A U.K. government regulator says certain cannabis products can be considered medicine, in a big win for the campaign to legalize cannabis use.
The decision from the U.K.'s Medicines and Healthcare products Regulatory Agency (MHRA) applies to products containing Cannabidiol (CBD), a specially bred variety of cannabis that has extremely low levels of the hallucinogenic drug THC, meaning it does not cause a high but is thought to retain the same health benefits of other forms of cannabis.
The MHRA review found that CBD has a “restoring, correcting or modifying” effect on “physiological functions” when administered to humans, the U.K.'s Independent reports.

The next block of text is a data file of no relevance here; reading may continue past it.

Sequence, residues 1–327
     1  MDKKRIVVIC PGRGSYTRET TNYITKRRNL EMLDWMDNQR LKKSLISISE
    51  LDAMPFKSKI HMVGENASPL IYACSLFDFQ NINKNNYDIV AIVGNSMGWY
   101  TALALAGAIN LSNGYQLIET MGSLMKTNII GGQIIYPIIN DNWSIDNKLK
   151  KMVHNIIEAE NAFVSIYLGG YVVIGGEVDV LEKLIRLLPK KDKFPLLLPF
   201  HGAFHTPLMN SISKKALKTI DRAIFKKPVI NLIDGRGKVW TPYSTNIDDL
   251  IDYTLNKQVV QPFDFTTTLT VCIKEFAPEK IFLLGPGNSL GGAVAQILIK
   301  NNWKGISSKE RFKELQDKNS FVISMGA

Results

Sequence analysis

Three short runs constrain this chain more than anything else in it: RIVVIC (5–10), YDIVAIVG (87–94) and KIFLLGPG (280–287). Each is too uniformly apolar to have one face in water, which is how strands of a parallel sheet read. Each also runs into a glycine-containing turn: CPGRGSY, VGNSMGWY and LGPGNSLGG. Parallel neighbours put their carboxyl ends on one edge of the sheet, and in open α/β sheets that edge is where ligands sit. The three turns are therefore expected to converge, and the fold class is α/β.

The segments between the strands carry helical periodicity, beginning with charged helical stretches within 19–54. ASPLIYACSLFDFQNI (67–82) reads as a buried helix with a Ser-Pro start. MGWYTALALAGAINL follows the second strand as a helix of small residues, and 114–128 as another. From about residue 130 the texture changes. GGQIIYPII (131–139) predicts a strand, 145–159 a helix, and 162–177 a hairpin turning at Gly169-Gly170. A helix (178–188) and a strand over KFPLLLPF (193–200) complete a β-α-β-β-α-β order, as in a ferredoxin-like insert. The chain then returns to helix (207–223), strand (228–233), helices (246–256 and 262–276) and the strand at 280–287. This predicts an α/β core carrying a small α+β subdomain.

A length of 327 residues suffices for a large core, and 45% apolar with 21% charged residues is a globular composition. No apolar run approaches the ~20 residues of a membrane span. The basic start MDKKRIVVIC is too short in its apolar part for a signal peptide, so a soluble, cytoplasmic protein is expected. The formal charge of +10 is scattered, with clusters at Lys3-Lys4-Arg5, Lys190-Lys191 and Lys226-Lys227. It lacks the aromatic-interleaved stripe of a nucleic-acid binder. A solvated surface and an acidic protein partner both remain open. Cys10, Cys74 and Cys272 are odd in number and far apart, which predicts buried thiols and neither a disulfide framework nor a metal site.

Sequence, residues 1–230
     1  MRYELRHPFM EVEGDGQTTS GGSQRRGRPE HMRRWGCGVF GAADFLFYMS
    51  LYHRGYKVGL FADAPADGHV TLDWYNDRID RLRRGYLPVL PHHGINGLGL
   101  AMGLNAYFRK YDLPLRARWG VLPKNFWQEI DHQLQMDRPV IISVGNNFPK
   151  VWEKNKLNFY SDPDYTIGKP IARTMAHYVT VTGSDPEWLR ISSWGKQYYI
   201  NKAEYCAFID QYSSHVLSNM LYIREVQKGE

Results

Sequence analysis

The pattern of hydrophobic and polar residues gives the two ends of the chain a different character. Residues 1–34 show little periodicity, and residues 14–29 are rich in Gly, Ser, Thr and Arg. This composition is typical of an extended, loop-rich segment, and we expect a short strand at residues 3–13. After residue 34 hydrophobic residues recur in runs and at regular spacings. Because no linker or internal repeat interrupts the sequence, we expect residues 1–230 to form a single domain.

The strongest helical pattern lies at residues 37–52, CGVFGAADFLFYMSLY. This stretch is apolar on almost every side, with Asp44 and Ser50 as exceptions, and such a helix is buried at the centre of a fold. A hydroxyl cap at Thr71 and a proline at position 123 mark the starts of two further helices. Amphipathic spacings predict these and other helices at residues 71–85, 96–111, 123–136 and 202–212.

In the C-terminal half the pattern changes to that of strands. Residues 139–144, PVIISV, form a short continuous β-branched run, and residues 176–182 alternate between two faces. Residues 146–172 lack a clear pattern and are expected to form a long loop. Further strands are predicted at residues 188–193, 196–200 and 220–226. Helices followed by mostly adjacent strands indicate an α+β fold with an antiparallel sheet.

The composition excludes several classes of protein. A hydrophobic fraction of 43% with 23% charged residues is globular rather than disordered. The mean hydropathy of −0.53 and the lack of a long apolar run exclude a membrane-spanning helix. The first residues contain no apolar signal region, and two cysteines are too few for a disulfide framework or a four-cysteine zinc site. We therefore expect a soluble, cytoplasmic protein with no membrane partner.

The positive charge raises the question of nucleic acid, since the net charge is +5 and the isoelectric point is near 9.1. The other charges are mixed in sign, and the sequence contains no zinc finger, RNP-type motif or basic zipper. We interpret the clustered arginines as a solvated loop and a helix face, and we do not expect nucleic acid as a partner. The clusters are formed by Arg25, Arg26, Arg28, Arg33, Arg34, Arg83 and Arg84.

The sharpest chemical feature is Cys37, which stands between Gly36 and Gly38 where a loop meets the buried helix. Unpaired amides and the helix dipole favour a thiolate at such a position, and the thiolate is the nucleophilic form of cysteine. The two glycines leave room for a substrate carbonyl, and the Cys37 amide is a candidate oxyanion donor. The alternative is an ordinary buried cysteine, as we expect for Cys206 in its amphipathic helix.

“We have come to the opinion that products containing cannabidiol (CBD) are a medicine," said the MHRA, in a statement to TIME. "Products for therapeutic use must have a medicines’ licence before they can be legally sold, supplied or advertised in the UK. Products will have to meet safety, quality and effectiveness standards to protect public health."
The government's review came about as a result of discussions between the MHRA and CBD vaporizer company MediPen, the Independent reports.
“Since our inception we’ve worked hard to obtain our goal of breaking down the negative connotations surrounding cannabis to lead to a reform in the law for medicinal use,” Jordan Owen, MediPen's managing director, told the Independent. “Now this is finally becoming a reality.”